Coworkers of both firefighters spoke on behalf of their families, sharing memories of their friends and eliciting some smiles during the otherwise somber two-hour service.
“Fourteen years ago, they thought it would be a good idea to put two rookies together,” said TFD firefighter Jim Swartz as he recalled his and Machcinski’s first alarm together during an East Side fire. “Steve looked over at me with that huge Machcinski grin, and said, ‘I can’t believe we’re getting paid for this.’”
Swartz suggested that everyone remember Machcinski with a drink on St. Patrick’s Day — his favorite holiday and his birthday.
Battalion Chief of Training Sally Glombowski spoke on behalf of the Dickman family.
“His personality was irresistible,” Glombowski said. “He was never afraid to try something new or different, he never made excuses and he was always excited to learn things the ‘Toledo Way.’”
Glombowski called Dickman a “topper,” explaining that he always had a story for every situation, and that “each one seemed bigger and better.”
She described Dickman as being “stubborn” and “both simple and profound.”
“He was confident that he was in the exact place God intended for him,” Glombowski said.
Toledo mayor D. Michael Collins, himself a former police officer, choked back tears as he described the brotherhood of first responders.
“Public safety is not only a career, but a vocation. … They deserve, and rightly so, the title of heroes,” Collins said.
Collins called the tragedy “one of the most difficult experiences of my life.”
Harold Schaitberger, president of the International Association of Firefighters, presented the Dickman and Machcinski families with medals of honor.
“This job can humble you, and it can break your heart,” Schaitberger said. “It’s hard for anyone else to grasp the culture and incredible bond we have. You eat together, you live together, you work together.”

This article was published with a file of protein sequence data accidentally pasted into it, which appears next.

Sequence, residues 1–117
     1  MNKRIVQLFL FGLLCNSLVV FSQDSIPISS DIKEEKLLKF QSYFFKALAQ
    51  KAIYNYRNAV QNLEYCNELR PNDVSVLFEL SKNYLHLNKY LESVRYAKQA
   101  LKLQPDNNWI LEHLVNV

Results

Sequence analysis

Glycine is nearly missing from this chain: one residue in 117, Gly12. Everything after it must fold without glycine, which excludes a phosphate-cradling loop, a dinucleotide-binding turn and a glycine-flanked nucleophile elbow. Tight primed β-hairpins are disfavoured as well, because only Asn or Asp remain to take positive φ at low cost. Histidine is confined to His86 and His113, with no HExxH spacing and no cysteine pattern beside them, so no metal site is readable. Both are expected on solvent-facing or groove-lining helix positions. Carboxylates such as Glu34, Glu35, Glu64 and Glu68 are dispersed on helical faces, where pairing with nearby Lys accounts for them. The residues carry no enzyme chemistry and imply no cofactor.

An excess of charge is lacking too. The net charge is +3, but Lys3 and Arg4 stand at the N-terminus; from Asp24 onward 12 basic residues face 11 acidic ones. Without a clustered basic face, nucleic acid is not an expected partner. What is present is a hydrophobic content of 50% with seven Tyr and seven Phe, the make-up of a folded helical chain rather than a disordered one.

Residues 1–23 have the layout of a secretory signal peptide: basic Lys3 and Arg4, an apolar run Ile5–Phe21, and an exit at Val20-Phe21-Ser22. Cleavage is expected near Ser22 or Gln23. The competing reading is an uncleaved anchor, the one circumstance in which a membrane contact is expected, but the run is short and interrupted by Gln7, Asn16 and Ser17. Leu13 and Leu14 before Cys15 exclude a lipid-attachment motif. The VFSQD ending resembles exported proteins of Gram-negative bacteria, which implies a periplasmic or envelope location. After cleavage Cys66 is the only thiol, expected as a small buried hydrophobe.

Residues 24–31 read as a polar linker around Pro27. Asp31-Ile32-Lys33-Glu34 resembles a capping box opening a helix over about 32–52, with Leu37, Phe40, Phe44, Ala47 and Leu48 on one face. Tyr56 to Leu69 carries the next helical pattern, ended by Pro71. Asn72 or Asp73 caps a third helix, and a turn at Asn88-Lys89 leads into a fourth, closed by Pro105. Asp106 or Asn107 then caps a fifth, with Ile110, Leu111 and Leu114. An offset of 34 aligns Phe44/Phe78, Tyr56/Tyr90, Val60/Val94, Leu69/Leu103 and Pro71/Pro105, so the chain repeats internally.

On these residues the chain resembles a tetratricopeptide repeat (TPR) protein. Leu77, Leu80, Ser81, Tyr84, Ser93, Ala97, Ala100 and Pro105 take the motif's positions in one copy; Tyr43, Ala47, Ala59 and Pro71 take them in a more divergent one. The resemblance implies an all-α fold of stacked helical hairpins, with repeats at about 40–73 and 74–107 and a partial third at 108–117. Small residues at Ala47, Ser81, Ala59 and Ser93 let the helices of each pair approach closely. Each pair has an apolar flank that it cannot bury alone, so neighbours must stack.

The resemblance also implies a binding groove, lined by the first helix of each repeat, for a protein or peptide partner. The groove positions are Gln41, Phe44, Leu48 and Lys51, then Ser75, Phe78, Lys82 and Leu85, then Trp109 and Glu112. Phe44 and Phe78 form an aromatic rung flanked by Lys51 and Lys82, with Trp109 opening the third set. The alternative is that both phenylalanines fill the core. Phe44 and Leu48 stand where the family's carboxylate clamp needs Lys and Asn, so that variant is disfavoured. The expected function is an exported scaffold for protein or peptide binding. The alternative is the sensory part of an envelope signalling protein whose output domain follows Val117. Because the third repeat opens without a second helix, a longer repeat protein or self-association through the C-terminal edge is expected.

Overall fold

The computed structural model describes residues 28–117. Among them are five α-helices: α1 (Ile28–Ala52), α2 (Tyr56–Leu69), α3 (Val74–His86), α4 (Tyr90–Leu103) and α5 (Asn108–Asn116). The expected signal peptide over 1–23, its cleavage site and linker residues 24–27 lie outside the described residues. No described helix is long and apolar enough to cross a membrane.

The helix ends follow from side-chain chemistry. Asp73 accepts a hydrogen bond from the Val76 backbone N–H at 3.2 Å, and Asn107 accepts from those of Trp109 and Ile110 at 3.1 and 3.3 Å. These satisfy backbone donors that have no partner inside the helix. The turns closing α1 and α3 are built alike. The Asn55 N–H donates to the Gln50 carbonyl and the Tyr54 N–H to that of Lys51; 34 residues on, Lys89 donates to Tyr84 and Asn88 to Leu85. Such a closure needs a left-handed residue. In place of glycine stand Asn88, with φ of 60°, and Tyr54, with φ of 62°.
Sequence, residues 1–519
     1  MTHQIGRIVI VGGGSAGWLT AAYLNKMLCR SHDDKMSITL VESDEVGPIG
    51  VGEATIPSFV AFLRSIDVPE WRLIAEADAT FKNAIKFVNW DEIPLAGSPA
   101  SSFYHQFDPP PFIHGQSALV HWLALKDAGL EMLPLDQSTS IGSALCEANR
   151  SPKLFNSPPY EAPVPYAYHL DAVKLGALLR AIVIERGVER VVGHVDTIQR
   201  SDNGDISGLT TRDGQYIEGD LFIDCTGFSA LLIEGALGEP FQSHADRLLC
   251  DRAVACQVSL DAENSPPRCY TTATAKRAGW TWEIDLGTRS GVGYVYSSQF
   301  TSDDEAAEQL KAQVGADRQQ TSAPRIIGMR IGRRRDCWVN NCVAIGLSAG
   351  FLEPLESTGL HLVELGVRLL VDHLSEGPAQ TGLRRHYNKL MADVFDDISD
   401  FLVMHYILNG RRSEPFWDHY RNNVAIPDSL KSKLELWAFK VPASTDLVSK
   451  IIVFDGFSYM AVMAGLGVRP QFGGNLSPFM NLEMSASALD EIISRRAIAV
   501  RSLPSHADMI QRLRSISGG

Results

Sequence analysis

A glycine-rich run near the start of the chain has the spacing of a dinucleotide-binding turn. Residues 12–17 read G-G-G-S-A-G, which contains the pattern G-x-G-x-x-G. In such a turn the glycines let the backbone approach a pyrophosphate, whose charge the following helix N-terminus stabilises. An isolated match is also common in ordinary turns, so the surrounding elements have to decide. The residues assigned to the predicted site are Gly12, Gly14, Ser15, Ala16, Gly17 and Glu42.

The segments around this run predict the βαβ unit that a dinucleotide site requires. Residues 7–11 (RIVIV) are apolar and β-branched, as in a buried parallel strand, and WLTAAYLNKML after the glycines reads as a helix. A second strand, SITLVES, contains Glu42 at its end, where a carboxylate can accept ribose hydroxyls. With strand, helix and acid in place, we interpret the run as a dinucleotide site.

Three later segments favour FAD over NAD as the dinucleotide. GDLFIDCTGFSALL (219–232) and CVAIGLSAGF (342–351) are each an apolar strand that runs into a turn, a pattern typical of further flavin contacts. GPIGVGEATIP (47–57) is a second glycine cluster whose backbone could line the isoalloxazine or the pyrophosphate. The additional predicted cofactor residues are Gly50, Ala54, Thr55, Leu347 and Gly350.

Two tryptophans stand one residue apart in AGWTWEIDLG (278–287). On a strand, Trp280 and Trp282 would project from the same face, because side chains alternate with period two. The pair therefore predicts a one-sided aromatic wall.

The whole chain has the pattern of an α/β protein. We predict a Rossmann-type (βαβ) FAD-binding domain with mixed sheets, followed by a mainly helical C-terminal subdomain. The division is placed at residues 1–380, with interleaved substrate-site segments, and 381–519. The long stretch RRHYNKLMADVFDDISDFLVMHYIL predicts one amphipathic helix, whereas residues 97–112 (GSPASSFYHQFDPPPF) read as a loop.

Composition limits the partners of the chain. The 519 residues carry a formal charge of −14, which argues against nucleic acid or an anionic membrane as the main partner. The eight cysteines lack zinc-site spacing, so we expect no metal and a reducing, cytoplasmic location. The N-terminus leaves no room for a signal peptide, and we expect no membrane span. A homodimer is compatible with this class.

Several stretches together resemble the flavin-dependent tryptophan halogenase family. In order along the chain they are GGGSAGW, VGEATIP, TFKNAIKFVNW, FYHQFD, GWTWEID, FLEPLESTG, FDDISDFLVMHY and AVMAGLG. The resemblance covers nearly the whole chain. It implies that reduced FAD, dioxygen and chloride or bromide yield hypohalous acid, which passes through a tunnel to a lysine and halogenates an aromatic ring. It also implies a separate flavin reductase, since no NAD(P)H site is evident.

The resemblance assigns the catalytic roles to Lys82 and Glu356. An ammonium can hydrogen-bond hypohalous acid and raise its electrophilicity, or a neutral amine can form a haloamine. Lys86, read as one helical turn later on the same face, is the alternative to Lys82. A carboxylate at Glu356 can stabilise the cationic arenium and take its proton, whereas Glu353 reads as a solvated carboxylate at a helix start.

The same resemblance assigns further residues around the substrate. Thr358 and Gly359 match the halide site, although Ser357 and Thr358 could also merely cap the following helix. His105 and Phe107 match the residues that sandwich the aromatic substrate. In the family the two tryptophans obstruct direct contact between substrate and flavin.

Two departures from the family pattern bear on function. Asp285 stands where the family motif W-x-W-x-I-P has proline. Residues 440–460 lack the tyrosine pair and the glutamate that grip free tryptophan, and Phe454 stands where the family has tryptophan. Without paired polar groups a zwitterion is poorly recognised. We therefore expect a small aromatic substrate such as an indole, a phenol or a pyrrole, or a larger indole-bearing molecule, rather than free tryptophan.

Members of the St. Francis de Sales High School men’s chorus The Singing Blue sang “On Eagle’s Wings” and “You Raise Me Up” during the service, and dozens of bagpipers and drummers opened the evening.
Battalion Chief John Kaminski noted that members of neighboring fire departments volunteered to staff TFD stations so that officers could attend the service.
A fire started at a home on Collingwood Boulevard during the service, and those volunteers responded to the blaze.
The memorial was steeped in tradition, with a “Last Alarm” closing out the evening.
A bell was rung three times for each firefighter, and both of their badge numbers were retired.
A fire dispatcher announced the “final call” for both Dickman and Machcinski, which was heard on TFD radios as well as in the auditorium.
“We’ll take it from here, brothers,” said retired Battalion Chief Renzo Maraldo before the coffins were escorted out of the auditorium and firefighters stood in salute.
Tags: Harold Schaitberger, International Association of Firefighters, James Dickman, Jim Swartz, John Kaminski, Last Alarm, Marcy Kaptur, Renzo Maraldo, Sally Glombowski, Sherrod Brown, St. Francis De Sales High School, Stephen Machcinski, The Singing Blue, Toledo Fire Department